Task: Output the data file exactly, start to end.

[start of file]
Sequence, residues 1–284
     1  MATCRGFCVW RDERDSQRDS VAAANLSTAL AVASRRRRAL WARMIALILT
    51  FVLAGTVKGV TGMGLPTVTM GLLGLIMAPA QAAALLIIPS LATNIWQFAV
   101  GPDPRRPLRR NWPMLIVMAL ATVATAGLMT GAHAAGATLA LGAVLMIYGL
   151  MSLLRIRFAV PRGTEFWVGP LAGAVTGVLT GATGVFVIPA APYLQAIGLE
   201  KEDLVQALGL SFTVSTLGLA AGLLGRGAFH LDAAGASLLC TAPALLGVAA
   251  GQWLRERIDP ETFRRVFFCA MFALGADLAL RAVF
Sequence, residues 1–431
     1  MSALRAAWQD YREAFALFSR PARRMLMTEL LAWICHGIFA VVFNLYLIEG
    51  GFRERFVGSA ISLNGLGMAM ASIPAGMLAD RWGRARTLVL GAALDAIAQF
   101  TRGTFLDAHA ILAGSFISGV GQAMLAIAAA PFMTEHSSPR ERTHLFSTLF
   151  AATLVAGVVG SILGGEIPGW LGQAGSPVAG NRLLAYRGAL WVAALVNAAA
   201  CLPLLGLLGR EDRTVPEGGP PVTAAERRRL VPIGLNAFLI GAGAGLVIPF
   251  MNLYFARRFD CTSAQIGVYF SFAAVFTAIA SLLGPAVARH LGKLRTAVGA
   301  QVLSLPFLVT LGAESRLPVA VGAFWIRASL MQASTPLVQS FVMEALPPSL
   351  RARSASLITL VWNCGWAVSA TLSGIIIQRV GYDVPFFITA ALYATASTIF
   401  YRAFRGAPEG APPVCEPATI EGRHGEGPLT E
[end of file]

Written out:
Sequence, residues 1–284
     1  MATCRGFCVW RDERDSQRDS VAAANLSTAL AVASRRRRAL WARMIALILT
    51  FVLAGTVKGV TGMGLPTVTM GLLGLIMAPA QAAALLIIPS LATNIWQFAV
   101  GPDPRRPLRR NWPMLIVMAL ATVATAGLMT GAHAAGATLA LGAVLMIYGL
   151  MSLLRIRFAV PRGTEFWVGP LAGAVTGVLT GATGVFVIPA APYLQAIGLE
   201  KEDLVQALGL SFTVSTLGLA AGLLGRGAFH LDAAGASLLC TAPALLGVAA
   251  GQWLRERIDP ETFRRVFFCA MFALGADLAL RAVF
Sequence, residues 1–431
     1  MSALRAAWQD YREAFALFSR PARRMLMTEL LAWICHGIFA VVFNLYLIEG
    51  GFRERFVGSA ISLNGLGMAM ASIPAGMLAD RWGRARTLVL GAALDAIAQF
   101  TRGTFLDAHA ILAGSFISGV GQAMLAIAAA PFMTEHSSPR ERTHLFSTLF
   151  AATLVAGVVG SILGGEIPGW LGQAGSPVAG NRLLAYRGAL WVAALVNAAA
   201  CLPLLGLLGR EDRTVPEGGP PVTAAERRRL VPIGLNAFLI GAGAGLVIPF
   251  MNLYFARRFD CTSAQIGVYF SFAAVFTAIA SLLGPAVARH LGKLRTAVGA
   301  QVLSLPFLVT LGAESRLPVA VGAFWIRASL MQASTPLVQS FVMEALPPSL
   351  RARSASLITL VWNCGWAVSA TLSGIIIQRV GYDVPFFITA ALYATASTIF
   401  YRAFRGAPEG APPVCEPATI EGRHGEGPLT E